The good people at the Numero Group continue doing the lord’s work, finding and preserving long-forgotten musical nuggets and allowing the rest of us to partake in the fruits of their labor. The last couple of years they’ve turned their attention to heavy music, and the tracks on Acid Nightmares are a testament to their expertise. Recorded around the world in the late 60’s and early 70’s, these tunes are first-generation stoner rock that offer a guided tour through the drug-induced death of the hippie ideal; any fan of hard rock or proto-metal will find plenty to love here.

5. Agusa (The Laser’s Edge)

Expertly crafted Swedish instrumental folk-prog, Agusa’s self-titled fifth release was one of the most moving and satisfying things I heard all year. If you’re not so much a fan of the flute as a featured instrument, this one may not be for you. But if you’re into epic jams that sound straight from the early-to-mid 1970’s, you’d be hard-pressed to find anything better this year.

4. Gin LadyElectric Earth (Kozmik Artifactz)

Electric Earth may not be metal, but it’s damn sure stoner rock. Gin Lady has the sweet smell of 70’s psychedelia down cold, and the Swedish revivalists have managed to make a record that feels fresh and familiar all at once. It makes colors seem a little brighter, the air seem a little cleaner, and the sunshine seem just a little warmer.


3. KadavarRough Times (Nuclear Blast)

The German retro-rockers stomp through the classic rock songbook on their fourth full-length, and the result is a riff-hewn masterpiece that reeks of dirt weed and bad intentions. From the glam-rock romp “Into the Wormehole” to the double-time murder ballad “Die Baby Die” to the show-stopping “Vampires,” Rough Times clearly illustrates that Kadavar has become one of the fiercest (and most goddamn fun) bands plying their trade today. (And hey, how about some North American tour dates, fellas?)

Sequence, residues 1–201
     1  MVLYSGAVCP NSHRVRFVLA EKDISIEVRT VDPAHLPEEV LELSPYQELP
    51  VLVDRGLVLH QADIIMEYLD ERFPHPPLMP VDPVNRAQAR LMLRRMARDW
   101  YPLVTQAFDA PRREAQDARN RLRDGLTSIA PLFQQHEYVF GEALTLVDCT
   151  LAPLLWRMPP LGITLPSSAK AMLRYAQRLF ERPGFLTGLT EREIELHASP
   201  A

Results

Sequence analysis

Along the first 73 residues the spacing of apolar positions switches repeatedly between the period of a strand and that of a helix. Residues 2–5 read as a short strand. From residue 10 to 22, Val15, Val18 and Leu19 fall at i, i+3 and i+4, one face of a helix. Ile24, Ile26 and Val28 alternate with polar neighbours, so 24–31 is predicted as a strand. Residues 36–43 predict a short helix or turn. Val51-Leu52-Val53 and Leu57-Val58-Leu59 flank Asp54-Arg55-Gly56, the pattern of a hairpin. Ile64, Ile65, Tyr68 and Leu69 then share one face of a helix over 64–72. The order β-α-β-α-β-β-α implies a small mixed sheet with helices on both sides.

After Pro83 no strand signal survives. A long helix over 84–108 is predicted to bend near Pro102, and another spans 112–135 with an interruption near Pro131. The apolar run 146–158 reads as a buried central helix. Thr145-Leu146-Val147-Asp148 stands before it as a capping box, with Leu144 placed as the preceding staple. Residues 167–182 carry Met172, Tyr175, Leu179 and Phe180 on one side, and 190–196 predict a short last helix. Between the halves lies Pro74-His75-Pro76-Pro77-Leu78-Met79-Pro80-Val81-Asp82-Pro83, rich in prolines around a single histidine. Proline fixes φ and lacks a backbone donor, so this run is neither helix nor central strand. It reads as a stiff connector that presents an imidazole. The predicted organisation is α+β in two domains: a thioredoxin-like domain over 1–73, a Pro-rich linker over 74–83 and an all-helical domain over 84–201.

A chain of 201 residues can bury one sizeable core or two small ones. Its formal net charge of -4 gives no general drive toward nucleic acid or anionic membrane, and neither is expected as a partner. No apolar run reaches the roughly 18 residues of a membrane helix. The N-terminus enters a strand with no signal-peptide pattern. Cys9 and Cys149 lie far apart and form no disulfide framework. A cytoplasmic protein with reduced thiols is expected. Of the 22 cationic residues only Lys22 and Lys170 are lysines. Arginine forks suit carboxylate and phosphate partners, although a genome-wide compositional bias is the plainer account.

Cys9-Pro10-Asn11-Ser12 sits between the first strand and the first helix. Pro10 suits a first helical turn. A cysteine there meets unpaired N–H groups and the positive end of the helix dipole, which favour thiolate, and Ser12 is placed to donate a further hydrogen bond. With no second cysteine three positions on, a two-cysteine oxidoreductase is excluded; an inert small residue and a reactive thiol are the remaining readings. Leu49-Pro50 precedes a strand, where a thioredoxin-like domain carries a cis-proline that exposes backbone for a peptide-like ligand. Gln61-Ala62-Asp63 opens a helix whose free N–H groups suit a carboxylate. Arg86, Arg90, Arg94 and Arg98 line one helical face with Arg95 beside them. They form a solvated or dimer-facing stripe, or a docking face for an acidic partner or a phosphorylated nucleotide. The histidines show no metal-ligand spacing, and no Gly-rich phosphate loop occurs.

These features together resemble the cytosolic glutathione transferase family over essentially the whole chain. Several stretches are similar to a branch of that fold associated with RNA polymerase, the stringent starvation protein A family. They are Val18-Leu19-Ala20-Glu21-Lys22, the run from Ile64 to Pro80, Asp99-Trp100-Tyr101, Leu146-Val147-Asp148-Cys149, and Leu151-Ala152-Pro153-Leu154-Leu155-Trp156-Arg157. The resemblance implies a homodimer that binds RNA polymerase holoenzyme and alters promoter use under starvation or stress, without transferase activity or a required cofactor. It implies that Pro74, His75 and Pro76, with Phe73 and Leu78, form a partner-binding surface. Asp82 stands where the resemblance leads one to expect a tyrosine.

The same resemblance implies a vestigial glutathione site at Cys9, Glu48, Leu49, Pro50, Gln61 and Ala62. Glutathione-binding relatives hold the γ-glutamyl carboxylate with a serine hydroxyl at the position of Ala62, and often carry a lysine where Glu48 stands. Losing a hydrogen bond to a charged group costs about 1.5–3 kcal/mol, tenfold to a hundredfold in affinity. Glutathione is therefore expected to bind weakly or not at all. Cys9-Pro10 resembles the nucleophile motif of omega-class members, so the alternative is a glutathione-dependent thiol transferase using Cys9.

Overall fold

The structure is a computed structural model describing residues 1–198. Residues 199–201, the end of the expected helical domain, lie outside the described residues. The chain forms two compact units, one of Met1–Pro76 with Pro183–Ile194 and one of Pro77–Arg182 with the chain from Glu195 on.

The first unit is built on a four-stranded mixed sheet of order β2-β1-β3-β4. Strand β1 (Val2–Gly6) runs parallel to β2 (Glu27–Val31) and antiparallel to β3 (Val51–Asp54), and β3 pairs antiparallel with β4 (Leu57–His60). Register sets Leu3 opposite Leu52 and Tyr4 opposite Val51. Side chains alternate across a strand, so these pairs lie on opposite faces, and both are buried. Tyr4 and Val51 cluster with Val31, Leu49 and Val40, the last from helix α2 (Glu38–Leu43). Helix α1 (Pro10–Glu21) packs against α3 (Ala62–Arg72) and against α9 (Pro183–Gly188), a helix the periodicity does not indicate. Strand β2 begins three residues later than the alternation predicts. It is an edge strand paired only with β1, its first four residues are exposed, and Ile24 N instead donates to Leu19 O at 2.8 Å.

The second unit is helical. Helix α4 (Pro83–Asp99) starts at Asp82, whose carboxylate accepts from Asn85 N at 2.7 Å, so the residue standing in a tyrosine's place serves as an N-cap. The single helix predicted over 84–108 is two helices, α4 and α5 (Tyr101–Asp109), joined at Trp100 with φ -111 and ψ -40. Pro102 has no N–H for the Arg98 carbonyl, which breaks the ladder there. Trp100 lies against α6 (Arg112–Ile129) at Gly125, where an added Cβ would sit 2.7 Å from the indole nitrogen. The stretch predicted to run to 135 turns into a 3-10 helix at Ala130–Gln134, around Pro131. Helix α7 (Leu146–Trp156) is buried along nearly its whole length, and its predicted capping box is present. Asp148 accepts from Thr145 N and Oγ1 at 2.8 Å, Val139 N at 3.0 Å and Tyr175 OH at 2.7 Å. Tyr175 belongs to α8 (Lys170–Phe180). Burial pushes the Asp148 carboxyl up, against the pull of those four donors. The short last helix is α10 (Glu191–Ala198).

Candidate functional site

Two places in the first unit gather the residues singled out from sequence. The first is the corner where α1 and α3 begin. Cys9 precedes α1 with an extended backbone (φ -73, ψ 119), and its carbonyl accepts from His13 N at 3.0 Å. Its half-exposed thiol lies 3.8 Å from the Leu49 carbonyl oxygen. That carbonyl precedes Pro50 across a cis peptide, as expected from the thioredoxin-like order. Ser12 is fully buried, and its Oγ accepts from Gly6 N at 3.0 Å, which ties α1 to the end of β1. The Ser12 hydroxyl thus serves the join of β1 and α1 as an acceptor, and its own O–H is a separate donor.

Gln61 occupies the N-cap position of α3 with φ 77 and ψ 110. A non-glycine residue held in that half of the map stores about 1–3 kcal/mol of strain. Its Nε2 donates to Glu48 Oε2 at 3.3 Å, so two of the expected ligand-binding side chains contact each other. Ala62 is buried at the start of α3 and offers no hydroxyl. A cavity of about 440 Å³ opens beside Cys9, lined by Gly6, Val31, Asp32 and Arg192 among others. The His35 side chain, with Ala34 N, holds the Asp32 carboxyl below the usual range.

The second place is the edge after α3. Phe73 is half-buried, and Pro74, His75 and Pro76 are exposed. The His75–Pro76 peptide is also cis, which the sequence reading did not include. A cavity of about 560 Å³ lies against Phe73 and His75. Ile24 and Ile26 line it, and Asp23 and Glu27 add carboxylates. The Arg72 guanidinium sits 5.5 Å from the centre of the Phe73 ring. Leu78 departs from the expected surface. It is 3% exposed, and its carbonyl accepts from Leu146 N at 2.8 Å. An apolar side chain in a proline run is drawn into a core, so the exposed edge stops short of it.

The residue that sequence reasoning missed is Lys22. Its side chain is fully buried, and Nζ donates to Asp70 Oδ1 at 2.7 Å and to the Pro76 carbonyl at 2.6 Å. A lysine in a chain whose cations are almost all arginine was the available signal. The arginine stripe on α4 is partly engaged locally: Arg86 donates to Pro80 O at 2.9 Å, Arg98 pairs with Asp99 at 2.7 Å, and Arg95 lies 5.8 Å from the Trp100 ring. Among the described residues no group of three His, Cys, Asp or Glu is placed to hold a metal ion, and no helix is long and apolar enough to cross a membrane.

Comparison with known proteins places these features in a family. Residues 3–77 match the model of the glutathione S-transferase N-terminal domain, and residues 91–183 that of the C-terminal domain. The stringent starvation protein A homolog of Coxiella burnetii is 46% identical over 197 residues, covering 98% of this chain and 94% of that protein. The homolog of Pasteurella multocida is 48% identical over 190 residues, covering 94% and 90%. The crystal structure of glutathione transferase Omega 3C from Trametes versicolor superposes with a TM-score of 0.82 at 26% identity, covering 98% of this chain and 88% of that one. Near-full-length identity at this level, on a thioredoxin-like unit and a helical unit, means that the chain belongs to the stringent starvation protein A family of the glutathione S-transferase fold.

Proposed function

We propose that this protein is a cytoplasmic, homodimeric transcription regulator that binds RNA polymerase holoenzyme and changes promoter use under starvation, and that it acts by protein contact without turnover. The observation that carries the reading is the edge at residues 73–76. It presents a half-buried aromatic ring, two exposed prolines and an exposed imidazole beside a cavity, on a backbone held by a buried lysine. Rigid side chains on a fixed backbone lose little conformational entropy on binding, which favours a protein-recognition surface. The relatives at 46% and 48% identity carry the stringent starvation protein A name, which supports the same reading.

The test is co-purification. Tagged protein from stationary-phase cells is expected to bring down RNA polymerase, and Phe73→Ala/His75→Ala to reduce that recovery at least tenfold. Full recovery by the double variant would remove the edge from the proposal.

2. The DarknessPinewood Smile (Cooking Vinyl)

Those who would dismiss The Darkness as a silly novelty band do so to their own detriment. Few bands are as gifted musically or melodically, and the hooks contained on Pinewood Smile are great big sharp dangerous bastards capable of jamming themselves directly into your skull. I’ve been a fan since Permission to Land, and I think Pinewood Smile is the best record they’ve ever done, period. It’s a punch in the gut from a well-manicured hand, a spin around town in an unpronounceable Italian sports car, and unless you’re a real stick in the mud, it’s one of the best times you can have listening to a record.

1. HobosexualMonolith (Kitchentable Records)

The Seattle duo’s third album is a jaw-dropping genre smasher, an exhilarating thrill ride, and the testimony of two guys who are obviously true believers in the power of rock and roll. It sounds like everything I’ve liked about heavy rock since 1985, and in doing so it sounds like nothing else. The most singular record I’ve heard all year, I can’t recommend it highly enough.

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About Robby Coleman

"I like Rock and Roll, and I don't like much else." - John Lennon